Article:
Eight ingredients. That's all it takes to make an entire meal from scratch. Add in a good bottle of wine for less than $20, and you've got a weeknight feast for family or friends. That's the philosophy behind our "8 & $20" feature. We hope it adds pleasure to your table.
Most rosés, boasting reasonable price tags and the ability to go with many types of food, make a great value choice for a casual dinner at any time of year. But rosé is an especially good idea come the lazy, light nights of high summer.
So when I was thinking about making a savory ricotta tart for a set-it-and-forget-it warm-weather dinner, I picked up a bottle from the pink section of my local store.
One of the benefits of choosing rosé as a dinner wine is that it allows you to experiment with food pairings that tend to trip up other wines. Spicy food? Salty snacks? Assertive vegetables? Rosé, rosé, rosé.
Fennel, with its blaring core of anise, can be a challenging vegetable for wine matching, especially when served raw. But this tart provides a good opportunity to give it a try. Rosé’s forgiving nature helps, but so do a few cooking tricks that build the bridge between food and wine.
Roasting is a great way to make fennel more wine-friendly, as the caramelized flavor tamps down some of the vegetable’s more assertive character. Another good move is to pad the dish with other complementary flavors, turning the fennel from the star ingredient into a supporting act.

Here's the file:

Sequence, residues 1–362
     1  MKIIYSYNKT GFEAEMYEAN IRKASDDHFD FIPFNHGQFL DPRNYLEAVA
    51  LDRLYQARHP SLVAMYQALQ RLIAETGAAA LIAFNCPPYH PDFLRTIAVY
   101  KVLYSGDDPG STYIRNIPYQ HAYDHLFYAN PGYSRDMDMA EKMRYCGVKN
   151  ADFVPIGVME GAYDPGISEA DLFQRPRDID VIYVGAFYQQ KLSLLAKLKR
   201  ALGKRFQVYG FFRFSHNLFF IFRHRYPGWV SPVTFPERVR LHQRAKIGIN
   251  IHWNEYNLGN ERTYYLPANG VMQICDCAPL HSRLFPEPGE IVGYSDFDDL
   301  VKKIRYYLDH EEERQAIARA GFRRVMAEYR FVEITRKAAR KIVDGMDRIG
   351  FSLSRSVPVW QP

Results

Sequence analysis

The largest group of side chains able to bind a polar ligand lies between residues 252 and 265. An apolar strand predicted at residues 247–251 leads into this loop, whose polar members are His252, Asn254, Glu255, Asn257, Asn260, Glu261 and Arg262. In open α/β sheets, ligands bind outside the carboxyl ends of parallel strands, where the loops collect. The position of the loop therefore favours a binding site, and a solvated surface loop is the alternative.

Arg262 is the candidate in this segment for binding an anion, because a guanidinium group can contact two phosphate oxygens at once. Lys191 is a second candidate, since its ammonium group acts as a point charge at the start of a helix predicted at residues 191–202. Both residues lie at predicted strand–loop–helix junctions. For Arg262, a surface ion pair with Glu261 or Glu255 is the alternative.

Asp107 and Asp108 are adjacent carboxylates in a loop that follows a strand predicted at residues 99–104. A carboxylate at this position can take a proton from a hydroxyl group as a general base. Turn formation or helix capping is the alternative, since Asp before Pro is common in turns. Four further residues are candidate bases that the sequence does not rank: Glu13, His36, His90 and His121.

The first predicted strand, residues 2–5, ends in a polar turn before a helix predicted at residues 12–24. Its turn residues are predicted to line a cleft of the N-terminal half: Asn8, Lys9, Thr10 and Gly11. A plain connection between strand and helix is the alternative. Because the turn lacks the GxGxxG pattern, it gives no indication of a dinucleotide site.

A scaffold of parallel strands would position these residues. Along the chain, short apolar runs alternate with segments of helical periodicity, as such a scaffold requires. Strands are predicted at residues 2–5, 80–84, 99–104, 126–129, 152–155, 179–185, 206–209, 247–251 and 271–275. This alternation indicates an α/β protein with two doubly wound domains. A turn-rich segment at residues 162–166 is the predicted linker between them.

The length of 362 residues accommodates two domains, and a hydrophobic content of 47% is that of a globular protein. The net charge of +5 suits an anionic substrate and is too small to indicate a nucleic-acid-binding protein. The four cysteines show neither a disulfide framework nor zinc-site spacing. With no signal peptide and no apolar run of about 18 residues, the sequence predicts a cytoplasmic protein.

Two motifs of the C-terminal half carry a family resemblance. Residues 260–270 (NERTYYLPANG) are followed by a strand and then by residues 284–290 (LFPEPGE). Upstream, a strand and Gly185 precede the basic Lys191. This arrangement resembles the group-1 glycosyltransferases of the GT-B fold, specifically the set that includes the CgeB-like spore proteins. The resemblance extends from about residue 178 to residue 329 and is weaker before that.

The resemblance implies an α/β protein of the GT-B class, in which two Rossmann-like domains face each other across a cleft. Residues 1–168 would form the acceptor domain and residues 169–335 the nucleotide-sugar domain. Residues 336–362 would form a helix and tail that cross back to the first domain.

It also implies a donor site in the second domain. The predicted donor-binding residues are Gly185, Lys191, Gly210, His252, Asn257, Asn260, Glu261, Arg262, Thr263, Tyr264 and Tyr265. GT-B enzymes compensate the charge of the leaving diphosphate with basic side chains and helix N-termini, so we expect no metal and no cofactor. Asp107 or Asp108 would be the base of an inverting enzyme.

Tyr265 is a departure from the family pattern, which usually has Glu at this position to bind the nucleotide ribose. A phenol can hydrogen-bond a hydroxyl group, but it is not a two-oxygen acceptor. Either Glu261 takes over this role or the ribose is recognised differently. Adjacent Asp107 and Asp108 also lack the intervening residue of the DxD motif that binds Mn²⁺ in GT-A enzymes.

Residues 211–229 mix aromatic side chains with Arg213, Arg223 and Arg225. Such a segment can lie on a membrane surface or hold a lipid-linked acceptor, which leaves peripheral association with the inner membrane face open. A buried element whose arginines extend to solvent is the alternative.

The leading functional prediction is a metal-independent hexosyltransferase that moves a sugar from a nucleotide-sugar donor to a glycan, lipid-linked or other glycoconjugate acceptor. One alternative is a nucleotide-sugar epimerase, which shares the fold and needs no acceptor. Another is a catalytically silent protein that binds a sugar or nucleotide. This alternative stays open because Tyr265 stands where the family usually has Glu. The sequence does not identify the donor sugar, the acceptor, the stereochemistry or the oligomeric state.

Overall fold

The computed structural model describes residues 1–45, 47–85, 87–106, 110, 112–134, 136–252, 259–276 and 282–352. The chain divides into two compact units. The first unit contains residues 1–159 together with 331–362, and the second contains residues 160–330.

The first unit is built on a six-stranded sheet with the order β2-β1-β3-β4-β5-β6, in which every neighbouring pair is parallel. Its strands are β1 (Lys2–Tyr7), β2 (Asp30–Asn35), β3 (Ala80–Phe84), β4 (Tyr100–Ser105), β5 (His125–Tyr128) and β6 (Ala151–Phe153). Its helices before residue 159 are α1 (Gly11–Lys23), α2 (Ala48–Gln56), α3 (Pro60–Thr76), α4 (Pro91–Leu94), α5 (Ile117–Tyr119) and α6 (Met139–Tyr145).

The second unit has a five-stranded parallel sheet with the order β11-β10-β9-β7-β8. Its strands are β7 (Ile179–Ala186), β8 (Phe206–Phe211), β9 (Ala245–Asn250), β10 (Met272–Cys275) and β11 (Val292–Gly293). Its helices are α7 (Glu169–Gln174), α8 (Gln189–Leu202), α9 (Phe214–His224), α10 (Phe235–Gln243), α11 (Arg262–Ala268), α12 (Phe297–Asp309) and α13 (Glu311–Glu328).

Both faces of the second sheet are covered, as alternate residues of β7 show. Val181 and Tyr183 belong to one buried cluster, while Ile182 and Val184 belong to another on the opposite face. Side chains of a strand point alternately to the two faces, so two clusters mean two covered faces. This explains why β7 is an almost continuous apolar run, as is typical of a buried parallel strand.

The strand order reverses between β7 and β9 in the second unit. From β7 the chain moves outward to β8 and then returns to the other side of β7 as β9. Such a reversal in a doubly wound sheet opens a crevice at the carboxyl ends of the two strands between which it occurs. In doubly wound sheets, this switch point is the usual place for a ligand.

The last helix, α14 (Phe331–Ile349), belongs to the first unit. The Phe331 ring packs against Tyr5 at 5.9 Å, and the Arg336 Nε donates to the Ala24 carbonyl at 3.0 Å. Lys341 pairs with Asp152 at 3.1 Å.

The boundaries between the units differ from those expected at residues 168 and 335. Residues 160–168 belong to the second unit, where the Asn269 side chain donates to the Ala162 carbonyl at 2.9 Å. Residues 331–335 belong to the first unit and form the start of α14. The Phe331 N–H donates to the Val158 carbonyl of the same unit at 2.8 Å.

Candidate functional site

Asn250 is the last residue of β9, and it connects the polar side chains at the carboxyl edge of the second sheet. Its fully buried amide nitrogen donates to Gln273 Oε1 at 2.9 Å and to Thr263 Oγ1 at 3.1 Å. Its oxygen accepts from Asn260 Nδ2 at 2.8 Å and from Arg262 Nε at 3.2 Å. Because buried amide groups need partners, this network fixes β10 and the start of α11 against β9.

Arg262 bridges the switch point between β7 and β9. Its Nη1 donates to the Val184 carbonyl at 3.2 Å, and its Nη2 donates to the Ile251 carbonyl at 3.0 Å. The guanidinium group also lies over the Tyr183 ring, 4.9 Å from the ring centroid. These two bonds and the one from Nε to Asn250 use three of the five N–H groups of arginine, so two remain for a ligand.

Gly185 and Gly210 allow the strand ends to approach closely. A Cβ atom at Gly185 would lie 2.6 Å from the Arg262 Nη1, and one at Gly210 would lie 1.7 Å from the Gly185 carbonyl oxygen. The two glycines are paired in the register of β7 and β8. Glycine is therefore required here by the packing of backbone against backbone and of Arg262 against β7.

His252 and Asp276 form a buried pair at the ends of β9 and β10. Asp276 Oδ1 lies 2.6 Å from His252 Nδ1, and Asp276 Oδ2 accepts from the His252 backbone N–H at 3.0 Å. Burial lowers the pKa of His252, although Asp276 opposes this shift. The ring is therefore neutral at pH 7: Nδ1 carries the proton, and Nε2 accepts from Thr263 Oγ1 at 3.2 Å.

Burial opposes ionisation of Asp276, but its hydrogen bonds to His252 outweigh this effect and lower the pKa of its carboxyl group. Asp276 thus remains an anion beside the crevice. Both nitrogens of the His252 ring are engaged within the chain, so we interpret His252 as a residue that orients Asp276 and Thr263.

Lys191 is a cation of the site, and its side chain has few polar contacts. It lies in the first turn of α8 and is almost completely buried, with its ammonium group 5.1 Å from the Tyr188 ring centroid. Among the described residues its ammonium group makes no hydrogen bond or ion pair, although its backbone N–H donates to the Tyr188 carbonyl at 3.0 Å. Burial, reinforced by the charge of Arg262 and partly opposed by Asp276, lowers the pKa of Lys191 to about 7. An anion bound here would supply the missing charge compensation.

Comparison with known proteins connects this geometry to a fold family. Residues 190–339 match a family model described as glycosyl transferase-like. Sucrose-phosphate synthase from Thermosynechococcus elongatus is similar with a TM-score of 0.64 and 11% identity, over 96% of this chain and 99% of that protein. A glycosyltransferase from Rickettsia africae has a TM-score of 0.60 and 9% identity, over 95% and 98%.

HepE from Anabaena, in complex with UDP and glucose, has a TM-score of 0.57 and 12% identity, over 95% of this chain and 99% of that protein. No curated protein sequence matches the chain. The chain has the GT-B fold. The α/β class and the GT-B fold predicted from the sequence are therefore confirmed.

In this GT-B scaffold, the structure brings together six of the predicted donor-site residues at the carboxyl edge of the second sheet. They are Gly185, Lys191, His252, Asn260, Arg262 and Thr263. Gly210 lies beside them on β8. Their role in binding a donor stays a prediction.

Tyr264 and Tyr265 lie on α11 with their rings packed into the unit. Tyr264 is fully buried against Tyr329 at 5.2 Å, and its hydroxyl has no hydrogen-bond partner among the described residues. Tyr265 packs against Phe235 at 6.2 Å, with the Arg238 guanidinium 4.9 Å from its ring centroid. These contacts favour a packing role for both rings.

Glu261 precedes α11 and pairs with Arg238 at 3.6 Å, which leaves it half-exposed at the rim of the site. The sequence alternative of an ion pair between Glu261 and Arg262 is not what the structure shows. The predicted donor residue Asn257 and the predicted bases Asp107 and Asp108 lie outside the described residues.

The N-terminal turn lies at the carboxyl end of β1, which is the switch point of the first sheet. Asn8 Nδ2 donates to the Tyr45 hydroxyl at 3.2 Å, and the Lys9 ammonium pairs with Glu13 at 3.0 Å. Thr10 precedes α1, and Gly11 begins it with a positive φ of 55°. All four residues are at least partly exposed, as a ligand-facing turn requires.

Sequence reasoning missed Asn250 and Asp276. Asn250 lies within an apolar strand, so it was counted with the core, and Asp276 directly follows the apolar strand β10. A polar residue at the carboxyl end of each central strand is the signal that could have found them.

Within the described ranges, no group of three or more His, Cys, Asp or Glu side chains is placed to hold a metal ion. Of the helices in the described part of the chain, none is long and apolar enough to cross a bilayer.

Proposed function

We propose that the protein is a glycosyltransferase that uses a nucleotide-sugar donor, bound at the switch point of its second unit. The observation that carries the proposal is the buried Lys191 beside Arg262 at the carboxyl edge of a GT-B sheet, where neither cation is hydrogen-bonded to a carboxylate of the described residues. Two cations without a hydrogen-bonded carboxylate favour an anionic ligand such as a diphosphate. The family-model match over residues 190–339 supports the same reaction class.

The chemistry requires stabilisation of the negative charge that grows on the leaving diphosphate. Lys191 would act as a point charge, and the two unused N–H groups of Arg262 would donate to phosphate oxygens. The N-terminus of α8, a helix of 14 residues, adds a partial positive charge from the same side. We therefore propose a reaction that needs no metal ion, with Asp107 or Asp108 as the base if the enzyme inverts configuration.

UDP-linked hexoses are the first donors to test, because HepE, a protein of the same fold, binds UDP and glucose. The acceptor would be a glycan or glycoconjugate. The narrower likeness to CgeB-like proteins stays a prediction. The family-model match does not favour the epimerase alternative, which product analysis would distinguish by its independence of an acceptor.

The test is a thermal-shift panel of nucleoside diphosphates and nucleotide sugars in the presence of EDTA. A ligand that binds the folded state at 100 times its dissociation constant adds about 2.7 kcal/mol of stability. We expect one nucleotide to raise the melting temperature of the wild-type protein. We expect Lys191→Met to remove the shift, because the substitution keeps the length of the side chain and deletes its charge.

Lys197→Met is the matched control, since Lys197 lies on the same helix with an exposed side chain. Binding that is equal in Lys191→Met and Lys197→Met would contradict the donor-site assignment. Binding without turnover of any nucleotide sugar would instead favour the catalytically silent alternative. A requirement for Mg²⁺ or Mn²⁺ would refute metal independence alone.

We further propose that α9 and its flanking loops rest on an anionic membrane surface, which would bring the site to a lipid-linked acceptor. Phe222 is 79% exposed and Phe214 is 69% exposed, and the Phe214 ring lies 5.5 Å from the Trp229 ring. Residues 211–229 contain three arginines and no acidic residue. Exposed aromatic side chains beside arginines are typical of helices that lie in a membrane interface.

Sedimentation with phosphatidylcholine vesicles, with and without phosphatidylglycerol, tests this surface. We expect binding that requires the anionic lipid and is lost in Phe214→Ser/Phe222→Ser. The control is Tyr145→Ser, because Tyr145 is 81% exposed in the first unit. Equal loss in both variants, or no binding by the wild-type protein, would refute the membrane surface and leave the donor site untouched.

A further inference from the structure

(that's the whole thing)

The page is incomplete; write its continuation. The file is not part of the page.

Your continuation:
Against plain raw fennel, the Southern Rhône wine I bought developed a faintly bitter finish. When charred fennel was surrounded by creamy ricotta and buttery pastry crust, however, the wine perked up again, providing a crisp foil to the rich outer layer and filling. Adding a few strips of prosciutto underneath the fennel also helped warm the dish, providing a focal match for the wine's berry, cherry and stony flavors.
Pair with a rosé, such as La Vieille Ferme Ventoux Rosé (87 points, $9)
Total time: 30 minutes
Approximate food cost: $22
1. Preheat the oven to 400° F. On a floured surface, roll the puff pastry into a thin, rectangular shape and place on a greased baking sheet.
2. Mix the ricotta with the olive oil, garlic and salt to taste, then spread evenly over the puff pastry, leaving a 1/2-inch border. Drape the prosciutto slices over the ricotta. In a small bowl, toss the fennel slices with olive oil to coat, and season with salt. Add the fennel slices evenly to the tart. Baste the uncovered edges of the pastry with the beaten egg, then place in the oven and bake until the crust has browned and the fennel has roasted, around 20 minutes. Serve immediately while hot, or the tart can sit for up to 2 hours and be served lukewarm. Serves 4.